CDC Conference: HHT in the 21st Century
March 5-6, 2008
The Hereditary Hemorrhagic Telangiectasia (HHT) Foundation International, in conjunction with the Center for Disease Control and Prevention (CDC), held a landmark conference on March 5 – 6, 2008 at the Tom Harkin Global Communications Center in Atlanta, Georgia.
The purpose of this conference was to define and prioritize objectives to improve clinical outcomes, enhance the quality of life for those affected by HHT, and reduce intrinsic and extrinsic costs related to HHT treatment.
Please click on the following links to learn more about the Conference:
- HHT/CDC Conference Introduction
- HHT/CDC Executive Summary
- HHT/CDC Conference Program
- HHT/CDC Goals and Objectives
Over 60 health care professionals including: emergency medicine physicians, school nurses, family practitioners/internal medicine, pediatric specialists, physician assistants, dentists and dental hygienists, dermatologists, gastroenterologists, otolaryngologists, hematologists, pulmonologists, neurologists, cardiologists, radiologists, geneticists as well as representatives from governmental and non-governmental organizations attended this national conference. You can view participants by clicking on Participant List.
HHT is a long neglected national health problem that affects 75,000 Americans. HHT is a multisystem vascular genetic disorder producing arterioveneous malformations in the brain and lung which may result in stroke or hemorrhage. Twenty percent of children and adults with HHT die prematurely or may become disabled due to lack of recognition by the medical community. These outcomes are largely preventable with proper intervention. Timely diagnosis and treatment of HHT could improve outcomes and quality of life for people living with HHT while eliminating $6.6 billion in avoidable health care costs.
The conference was the first step in addressing this national health issue by identifying outreach programs that will increase surveillance, increase early recognition of people affected with this genetic condition, and support life saving interventions
For more information, contact Marianne Clancy, Executive Director of the HHT Foundation International, at 800-448-6389 or email her at [email protected] .
Our achievements in these areas during 2003-2006 were possible largely thanks to the support and generosity of our members and from grants received from John Abele on behalf of The Argosy Foundation.
NIH Workshop - HHT Vascular Biology & Pathophysiology
June 8-9, 2006
HHT Foundation in conjunction with the National Institute of Health (NIH) sponsored an HHT Workshop for basic scientific research. The conference provided an opportunity for NIH to formulate an HHT research plan. The workshop included a mix of keynote talks, platform presentations, and open discussion on several themes, including:
- Transforming Growth Factor-Beta Pathway and HHT
- Endothelial Biology and HHT
- Vascular Biology and HHT
- Chemical Genomics and HHT
- Organ Pathophysiology in HHT
- Click on the link below to view the Overview of the Program:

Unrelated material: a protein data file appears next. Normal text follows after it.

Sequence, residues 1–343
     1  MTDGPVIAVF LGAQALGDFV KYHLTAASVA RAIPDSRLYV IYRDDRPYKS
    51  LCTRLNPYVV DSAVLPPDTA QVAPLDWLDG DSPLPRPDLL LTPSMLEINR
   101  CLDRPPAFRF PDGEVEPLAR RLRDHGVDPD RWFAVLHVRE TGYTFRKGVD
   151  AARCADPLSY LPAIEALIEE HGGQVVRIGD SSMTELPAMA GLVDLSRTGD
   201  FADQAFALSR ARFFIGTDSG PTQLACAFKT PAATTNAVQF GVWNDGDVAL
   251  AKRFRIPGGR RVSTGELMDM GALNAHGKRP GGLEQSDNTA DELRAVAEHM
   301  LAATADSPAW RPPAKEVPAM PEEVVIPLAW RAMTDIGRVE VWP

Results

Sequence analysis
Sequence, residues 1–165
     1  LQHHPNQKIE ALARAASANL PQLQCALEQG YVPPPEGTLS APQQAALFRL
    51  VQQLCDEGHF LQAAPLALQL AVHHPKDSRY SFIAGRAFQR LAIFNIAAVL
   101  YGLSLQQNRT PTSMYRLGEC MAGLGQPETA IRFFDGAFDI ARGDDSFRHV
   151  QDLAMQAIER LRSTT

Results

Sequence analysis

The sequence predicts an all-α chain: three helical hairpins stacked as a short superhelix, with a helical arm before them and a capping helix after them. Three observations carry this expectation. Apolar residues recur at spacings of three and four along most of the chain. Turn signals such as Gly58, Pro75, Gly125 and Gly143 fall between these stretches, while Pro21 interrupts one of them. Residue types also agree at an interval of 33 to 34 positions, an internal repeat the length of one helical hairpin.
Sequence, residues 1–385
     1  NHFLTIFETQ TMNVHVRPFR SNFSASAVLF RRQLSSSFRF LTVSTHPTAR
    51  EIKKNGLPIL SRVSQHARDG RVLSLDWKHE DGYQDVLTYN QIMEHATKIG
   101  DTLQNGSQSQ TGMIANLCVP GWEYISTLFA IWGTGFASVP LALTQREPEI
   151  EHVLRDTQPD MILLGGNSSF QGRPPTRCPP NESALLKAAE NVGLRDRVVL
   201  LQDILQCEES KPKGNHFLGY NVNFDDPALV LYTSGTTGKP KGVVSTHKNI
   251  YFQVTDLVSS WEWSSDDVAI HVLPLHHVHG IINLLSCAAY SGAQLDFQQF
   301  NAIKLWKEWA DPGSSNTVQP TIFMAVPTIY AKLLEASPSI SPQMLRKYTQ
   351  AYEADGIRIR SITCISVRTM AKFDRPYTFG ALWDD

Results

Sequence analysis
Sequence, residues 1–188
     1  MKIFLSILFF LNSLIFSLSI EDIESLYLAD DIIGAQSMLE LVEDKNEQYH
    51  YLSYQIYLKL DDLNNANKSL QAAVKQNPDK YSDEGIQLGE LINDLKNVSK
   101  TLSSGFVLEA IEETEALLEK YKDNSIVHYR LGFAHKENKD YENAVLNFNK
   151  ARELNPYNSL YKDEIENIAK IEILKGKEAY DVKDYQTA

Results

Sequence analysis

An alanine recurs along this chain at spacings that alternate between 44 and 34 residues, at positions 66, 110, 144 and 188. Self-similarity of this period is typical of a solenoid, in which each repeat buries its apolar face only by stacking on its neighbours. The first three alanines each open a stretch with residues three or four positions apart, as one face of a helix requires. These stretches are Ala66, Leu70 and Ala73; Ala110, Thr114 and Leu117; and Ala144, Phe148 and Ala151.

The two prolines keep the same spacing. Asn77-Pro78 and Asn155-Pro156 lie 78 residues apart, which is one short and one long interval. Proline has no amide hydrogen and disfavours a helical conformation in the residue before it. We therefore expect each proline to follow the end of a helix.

Clinical Practice Guidelines for HHT
November 15-16, 2006
The Consensus Development Conference consists of a group of experts in the field of HHT brought together to work collaboratively with professional facilitators to improve diagnosis and treatment of HHT. The goals of the conference are to review existing evidence on specific medical issues in a systematic fashion, to obtain expert consensus where scientific evidence is lacking, and to synthesize recommendations for Practice Guidelines
- To revise the existing Clinical Practice Guidelines for the diagnosis of HHT (Curacao Criteria) by incorporating the utilization of molecular genetic testing.
- To develop Clinical Practice Guidelines for the diagnosis, screening, and treatment of the major areas of clinical concern in HHT, including chronic epistaxis (nosebleeds), pulmonary arteriovenous malformations (AVMs), hepatic vascular malformations, cerebral AVMs, gastrointestinal bleeding, and skin telangiectases.
- To develop materials for and approaches to dissemination of the Clinical Practice Guidelines for health professionals. Examples include peer-reviewed publications, a site on the HHT Foundation International web page, and a multimedia presentation that would be available to individuals or educational and training programs that wish to teach about HHT.
- To develop recommendations for research priorities that will continue to improve the quality of evidence upon which the Clinical Practice Guidelines are based
At the conclusion of the Consensus Conference, the following will be identified and established:
- Clinical and genetic criteria by which a definitive diagnosis of HHT can be made
- Criteria for diagnosis and treatment of the most common symptoms and organ manifestations of HHT, including chronic nosebleeds, GI bleeding, pulmonary and cerebral AVMs, and liver vascular malformations.
- Protocols for routine follow-up by primary care and specialty physicians.
- Protocols for treatment of acute episodes.
- Recommendations for publication and broad distribution of Consensus findings and HHT Standard Practice Guidelines, and presentation at scientific and professional symposia.
- Strategies developed for implementation of the Practice Guidelines as the standard of practice and for assessment of the impact of Practice Guidelines on physician behavior and HHT care in North America.